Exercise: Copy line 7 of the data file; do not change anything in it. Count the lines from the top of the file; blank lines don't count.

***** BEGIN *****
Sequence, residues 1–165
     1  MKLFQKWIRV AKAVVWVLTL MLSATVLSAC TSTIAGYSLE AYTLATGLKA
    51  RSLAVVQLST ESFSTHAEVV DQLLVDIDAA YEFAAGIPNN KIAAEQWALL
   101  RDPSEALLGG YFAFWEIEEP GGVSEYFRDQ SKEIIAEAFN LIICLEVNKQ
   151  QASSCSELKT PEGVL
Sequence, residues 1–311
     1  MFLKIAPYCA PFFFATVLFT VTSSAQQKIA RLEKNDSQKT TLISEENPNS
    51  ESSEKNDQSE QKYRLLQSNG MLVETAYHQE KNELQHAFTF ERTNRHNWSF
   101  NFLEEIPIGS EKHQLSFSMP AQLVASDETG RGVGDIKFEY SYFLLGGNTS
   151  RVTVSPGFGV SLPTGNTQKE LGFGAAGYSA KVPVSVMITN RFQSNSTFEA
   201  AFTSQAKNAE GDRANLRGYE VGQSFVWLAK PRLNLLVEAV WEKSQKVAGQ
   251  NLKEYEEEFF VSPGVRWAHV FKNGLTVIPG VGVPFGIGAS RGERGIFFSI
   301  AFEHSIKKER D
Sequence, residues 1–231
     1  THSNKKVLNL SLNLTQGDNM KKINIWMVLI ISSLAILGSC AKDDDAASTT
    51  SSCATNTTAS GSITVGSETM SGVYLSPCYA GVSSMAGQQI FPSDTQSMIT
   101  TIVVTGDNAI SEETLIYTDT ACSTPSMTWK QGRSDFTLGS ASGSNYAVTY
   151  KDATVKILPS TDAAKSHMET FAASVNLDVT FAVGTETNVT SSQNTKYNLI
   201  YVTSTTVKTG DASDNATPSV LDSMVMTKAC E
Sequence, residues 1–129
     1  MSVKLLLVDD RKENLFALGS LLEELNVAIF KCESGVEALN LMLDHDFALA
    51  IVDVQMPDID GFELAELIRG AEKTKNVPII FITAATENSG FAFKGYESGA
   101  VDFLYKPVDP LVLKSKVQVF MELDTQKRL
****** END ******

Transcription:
     1  MFLKIAPYCA PFFFATVLFT VTSSAQQKIA RLEKNDSQKT TLISEENPNS